One of the most difficult things I’ve learned to do in marriage is tame my tongue. While I don’t quite have that figured out, I’ve been stretched tremendously since April 29th, 2021. Marriage reveals a lot about who we really are and can I tell you, Vashti LOVES to say what’s on her mind. Interestingly, I lean more towards the introverted side. I am mostly quiet unless I need to be social. Despite my “chill” and “laid-back” personality, I do have a hard time taming my tongue, especially in heated conversations. It gets cutthroat pretty quickly with a mouth war that leaves both parties defeated, wounded, and broken.
I mentioned this many blogs ago about Jarrod and I’s premarital counseling and the session we did on conflict resolution. If you missed those blogs, here’s an inside on how we tend to approach resolving conflict. Jarrod is the immediate resolver. I tend to linger, dwell and simmer on the situation. I don’t like to resolve instantly. In premarital counseling, we were advised to meet in the middle. I needed to communicate that I needed time and Jarrod and I both had to agree on a reasonable middle ground time that gives me enough time to blow off steam but also does not drag the conflict out longer than it needs to be. Learning and receiving tools and tips for marriage is easy. Implementing what’s learned when conflict arises is difficult.
In our almost one year of marriage Jarrod and I have had 3 “major” arguments. We do banter from time to time, but these 3 “major” arguments required us to implement what we learned. In last week’s blog, I shared that the root of these arguments stemmed from my disconnect with Christ. You see, often we expose what’s in our hearts when life gets heated. My lack of daily devotion to Christ revealed what was in my heart when Jarrod and I didn’t meet eye to eye.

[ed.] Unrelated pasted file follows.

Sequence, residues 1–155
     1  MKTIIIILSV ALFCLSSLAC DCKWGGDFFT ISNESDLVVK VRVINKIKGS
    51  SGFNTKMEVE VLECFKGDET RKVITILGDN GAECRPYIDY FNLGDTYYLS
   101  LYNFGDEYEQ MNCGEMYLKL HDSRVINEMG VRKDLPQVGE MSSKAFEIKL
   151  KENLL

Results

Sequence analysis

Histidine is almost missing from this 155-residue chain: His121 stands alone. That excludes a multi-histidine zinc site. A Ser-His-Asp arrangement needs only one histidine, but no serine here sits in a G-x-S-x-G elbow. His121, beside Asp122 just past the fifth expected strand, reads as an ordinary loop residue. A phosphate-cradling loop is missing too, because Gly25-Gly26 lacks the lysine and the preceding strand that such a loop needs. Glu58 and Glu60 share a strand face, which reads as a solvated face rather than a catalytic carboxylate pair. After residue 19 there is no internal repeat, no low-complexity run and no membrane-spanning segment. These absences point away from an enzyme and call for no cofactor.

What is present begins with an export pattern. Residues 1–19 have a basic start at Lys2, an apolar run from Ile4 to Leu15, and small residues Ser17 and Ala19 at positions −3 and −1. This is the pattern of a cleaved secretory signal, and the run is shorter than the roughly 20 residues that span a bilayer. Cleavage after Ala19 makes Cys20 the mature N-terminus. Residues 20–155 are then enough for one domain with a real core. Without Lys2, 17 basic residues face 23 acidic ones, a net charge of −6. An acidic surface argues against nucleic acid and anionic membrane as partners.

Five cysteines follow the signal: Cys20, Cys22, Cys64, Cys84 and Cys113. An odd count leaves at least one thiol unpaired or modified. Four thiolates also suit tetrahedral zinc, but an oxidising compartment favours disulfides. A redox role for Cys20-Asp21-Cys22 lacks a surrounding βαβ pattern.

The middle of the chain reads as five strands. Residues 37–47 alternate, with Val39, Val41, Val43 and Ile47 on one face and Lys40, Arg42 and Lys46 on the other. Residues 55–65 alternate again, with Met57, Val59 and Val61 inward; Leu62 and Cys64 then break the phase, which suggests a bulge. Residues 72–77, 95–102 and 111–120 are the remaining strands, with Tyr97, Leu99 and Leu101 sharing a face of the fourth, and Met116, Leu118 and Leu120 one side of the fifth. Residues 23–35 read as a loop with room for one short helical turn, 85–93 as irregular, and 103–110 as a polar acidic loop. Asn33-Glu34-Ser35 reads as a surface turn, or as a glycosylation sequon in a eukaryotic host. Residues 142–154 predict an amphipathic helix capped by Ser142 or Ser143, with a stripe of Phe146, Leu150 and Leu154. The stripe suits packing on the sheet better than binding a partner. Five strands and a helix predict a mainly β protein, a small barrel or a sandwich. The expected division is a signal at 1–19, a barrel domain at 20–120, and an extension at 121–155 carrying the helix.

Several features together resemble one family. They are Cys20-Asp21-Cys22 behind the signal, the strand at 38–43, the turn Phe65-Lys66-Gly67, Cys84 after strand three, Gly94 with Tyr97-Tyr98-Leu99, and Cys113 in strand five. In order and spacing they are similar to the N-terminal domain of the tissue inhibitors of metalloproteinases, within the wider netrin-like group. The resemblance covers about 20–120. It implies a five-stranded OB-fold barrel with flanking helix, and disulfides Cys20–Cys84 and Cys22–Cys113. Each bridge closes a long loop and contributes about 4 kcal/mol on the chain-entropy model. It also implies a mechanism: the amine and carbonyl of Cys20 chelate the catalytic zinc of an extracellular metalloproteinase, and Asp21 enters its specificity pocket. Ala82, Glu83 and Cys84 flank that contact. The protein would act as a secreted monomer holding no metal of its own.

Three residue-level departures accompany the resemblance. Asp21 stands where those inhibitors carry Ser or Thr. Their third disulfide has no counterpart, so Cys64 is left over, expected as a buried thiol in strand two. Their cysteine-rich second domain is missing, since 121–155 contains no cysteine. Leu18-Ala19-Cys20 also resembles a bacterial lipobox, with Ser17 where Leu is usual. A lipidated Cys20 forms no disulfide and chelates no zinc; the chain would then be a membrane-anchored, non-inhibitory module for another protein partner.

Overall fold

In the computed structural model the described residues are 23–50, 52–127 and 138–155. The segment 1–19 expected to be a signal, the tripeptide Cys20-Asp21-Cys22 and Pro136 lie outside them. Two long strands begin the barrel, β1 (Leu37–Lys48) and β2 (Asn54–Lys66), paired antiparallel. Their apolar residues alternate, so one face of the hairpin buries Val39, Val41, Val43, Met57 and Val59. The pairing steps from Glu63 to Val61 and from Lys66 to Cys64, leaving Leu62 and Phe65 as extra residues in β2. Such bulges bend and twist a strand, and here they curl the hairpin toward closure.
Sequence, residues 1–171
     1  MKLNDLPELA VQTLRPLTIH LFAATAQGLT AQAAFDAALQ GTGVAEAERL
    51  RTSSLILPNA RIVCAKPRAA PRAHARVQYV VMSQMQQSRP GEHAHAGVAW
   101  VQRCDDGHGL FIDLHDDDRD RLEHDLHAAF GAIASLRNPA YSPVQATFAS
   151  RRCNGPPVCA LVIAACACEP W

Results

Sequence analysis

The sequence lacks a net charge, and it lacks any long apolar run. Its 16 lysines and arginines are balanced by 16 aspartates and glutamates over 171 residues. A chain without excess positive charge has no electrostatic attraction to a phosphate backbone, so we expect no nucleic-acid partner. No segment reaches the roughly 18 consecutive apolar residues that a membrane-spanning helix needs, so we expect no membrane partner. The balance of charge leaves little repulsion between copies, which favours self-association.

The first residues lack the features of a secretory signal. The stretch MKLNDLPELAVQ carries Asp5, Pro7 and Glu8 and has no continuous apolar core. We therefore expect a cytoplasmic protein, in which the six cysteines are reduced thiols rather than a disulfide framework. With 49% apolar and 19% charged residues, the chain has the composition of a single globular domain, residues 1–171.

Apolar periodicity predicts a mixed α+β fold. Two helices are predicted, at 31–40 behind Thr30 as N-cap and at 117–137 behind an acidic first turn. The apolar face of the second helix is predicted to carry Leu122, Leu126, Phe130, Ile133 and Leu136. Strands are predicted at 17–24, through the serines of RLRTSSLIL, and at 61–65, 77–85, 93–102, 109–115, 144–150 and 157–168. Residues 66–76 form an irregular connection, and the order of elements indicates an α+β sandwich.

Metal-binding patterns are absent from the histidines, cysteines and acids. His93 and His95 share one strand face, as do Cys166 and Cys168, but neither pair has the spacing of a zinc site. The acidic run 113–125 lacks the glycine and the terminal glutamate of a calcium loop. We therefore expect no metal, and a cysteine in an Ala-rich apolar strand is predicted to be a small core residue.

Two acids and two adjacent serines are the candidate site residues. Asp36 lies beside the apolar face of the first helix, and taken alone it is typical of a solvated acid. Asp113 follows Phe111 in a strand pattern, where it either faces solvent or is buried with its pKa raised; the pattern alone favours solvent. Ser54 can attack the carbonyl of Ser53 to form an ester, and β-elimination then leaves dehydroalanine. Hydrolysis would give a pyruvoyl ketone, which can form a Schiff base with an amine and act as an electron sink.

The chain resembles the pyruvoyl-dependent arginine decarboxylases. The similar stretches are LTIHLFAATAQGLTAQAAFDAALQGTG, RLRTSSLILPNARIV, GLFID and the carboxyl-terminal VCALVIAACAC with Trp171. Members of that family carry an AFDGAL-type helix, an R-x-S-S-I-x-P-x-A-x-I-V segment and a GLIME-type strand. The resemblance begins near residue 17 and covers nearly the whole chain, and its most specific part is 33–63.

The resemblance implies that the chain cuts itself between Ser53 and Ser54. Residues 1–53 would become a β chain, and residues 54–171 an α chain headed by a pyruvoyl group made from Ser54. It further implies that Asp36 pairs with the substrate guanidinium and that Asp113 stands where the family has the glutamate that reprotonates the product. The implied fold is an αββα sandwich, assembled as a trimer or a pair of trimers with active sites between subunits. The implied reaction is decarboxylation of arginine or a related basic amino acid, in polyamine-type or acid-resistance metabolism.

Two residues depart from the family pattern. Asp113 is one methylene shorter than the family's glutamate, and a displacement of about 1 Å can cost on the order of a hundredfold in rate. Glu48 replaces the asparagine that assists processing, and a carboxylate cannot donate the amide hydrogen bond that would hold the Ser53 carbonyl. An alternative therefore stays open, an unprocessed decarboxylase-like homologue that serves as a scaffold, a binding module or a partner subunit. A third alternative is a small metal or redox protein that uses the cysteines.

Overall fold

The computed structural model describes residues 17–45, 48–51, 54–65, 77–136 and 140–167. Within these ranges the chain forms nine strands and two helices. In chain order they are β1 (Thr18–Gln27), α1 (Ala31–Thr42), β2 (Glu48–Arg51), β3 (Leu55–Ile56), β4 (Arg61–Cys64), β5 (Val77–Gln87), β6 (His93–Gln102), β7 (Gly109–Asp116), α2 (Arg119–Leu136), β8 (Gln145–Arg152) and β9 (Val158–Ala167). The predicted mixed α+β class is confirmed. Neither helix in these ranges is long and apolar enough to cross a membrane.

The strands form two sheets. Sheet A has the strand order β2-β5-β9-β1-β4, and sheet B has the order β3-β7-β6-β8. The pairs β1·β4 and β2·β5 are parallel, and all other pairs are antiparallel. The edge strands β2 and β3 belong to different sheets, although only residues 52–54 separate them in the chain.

Looking back, both of us agree that our “major” arguments could have been avoided and downright petty on both of our parts. Funny how in the moment all we want is to be right failing to see we are the same team and should be working together rather than against each other. Our arguments ended up being mouth wars that wounded the heart of the other and stirred insecurities as hurtful words often do.
There are plenty of verses in the Bible that touches on the importance of taming our tongues. King Solomon writes in Proverbs 21:23 that “Whoever keeps his mouth and his tongue keeps himself out of trouble.” The Apostle Paul writes in Ephesians 4:29, “Let no corrupting talk come out of your mouths, but only such as is good for building up, as fits the occasion, that it may give grace to those who hear.” James wrote in James 3:10, “From the same mouth come blessing and cursing. My brothers, these things ought not to be so.” Lastly, Matthew writes in Matthew 12:36, “I tell you, on the day of judgment people will give account for every careless word they speak…” Again these are just a few I handpicked for this specific blog. If you’re curious about what more the Bible has to say about taming the tongue I challenge you to google it. It won’t take too long for you to be convicted.